Volume 93, Issue 35
Tuesday, November 2, 1999
|ARTS AND ENTERTAINMENT
Ben Harper reveals side as genuine as his music
Photo by Grant Fear
DESPITE HIS MUSICAL BRILLIANCE, MANY WESTERN STUDENTS STILL DENOUNCE HARPER FOR HIS LIKE, UNACCEPTABLE HAWAIIAN SHIRT/TUQUE COMBO. Musician Ben Harper shares his earnest views on the music scene and finally becoming a songwriter.
By Chad Finkelstein
Some write it, some perform it, but few have the power to truly create music. Ben Harper is one of these precious few.
This unique ability has been harnessed almost to inimitable flawlessness by Harper, a man with enough talent to take him far beyond rock star status and earn him the reputable title of a true musician.
His work becomes meaningful in the way it adheres to any emotion listeners might be grappling with, while occasionally even discovering new ones. His definitive and original style has been finessed throughout previous albums and his latest masterpiece, Burn to Shine, is no exception.
The album experiments with a new musical theme, while still retaining the vulnerability and force his other records command. "Music is an immediate extension of an emotion that I connect with through an instinct," Harper says of the new album's versatility. "Different songs cry out for a voice and you've got to follow that voice."
The album is also more personal to Harper, as it marks the first time he has considered himself a songwriter. "You write one great record full of great songs, that's cool, but you're still not a songwriter. You write another record, you're still not a songwriter," he explains.
"You know when it clicks, because I feel right now that I've never been so close to the art and craft of writing songs. I could write a song in five minutes and it would be decent. I could reach into a fantasy. I can completely separate my physical presence and my psychological presence and I could go inside of you and write a song. I can sit next to a rock and write a song. I can sit next to a table and get a vibe from it."
The beauty of this skill shines through his albums, each encapsulating its own theme and each song building on the one before in an emotive flurry. "I'd like to be able to make music that people can grow up with and grow old with," he concedes.
So far, this aspiration doesn't seem unreachable. Harper points to the likes of Bob Dylan and Neil Young as his inspirations for longevity, but is quick to distance himself from any comparisons to them.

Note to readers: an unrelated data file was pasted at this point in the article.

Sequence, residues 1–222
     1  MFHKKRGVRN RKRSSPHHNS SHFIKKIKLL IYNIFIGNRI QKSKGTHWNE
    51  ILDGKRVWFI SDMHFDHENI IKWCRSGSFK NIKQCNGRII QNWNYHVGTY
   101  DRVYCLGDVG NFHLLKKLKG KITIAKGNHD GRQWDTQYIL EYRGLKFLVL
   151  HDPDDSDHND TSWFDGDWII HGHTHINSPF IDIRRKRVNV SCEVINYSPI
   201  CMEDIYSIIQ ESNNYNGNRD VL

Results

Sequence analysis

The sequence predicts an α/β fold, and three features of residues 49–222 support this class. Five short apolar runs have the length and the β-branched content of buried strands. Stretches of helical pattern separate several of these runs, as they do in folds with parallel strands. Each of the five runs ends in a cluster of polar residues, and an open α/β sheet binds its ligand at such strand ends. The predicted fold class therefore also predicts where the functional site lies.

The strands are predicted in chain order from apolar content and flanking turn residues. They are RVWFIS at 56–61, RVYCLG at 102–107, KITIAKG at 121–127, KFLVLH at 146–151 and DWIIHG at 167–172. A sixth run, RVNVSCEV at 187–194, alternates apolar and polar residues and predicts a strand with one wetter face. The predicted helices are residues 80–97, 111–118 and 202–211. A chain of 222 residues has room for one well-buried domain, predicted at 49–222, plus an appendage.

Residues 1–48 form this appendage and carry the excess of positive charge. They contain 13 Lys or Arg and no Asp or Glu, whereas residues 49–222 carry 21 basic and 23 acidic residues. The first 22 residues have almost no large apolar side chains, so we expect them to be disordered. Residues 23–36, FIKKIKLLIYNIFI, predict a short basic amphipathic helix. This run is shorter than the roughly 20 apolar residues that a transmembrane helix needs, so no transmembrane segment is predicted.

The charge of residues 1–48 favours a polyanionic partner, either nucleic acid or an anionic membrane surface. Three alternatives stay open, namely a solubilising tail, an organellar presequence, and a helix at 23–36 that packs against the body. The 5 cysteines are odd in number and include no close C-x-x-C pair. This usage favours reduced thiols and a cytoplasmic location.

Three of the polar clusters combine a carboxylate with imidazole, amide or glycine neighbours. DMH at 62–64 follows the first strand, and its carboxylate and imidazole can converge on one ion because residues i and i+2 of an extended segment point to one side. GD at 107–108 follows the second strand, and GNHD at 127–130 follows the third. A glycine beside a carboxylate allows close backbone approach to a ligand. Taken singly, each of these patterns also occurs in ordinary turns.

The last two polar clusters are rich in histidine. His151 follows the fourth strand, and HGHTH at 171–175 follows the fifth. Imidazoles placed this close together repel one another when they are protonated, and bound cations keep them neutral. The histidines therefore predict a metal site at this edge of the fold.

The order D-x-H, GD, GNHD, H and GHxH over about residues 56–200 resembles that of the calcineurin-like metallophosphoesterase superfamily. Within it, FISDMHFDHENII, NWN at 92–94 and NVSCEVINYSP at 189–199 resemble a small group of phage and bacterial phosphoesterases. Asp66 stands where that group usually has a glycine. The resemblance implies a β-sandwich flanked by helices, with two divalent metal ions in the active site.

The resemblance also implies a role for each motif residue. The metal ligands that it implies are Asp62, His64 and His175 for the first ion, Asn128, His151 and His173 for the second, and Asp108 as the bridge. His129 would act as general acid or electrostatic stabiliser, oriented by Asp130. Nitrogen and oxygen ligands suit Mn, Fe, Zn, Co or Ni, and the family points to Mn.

As for today's onslaught of considerably insubstantial popular music, Harper recognizes the contrast between what he strives to attain and what is simply a fleeting fad.
"People get away with calling things that aren't art, art. And that belittles art, but makes what is art that much more prominent. There are different musical worlds and they are so separated at the moment just due to the marketing of music and the way music reaches different commercial mediums.
"Every once in a while, great music makes it to the mainstream, but not always and it takes a tremendous push and a lot of work to get musical music to the attention of a majority of people," he says.
This push seems to have materialized for the musician, as the public are starting to unearth the magic which lies with Harper. The title track on Burn to Shine has been getting serious rotation on the airwaves and his current tour has consistently sold out.
But the passion behind Harper's work isn't for fame or glamour, as he recognizes the mere illusion of status. For him, it's about working hard to create something he loves. "It's about making really good music while I'm inspired. I don't formulate it or search for it. I'm not gonna make music just so I can be the hip, cool guy."
Though Harper always writes songs for his own purpose of expression, he proudly leaves his work open to interpretation. He feels the interpretation is what keeps music free and for this reason he will never define a song. "People always want to break away the mystery of music and I refuse to let it happen."
Sometimes when writing, Harper even finds meaning beyond his initial intention, which helps him to nurture his work and grow as a musician. "Diversity is what keeps music exciting, it's what keeps me interested. If I go out and rock out on every song, I'm really gonna get bored. When [the songs] start sounding the same, I'll probably have to stop making music."
Harper's disappearance from the music scene due to creative stagnation doesn't appear imminent, as listeners need only engross themselves in an album or live performance to appreciate the passion and intensity he dispenses. This truly is a man who is as genuine as his music.
Copyright © The Gazette 1999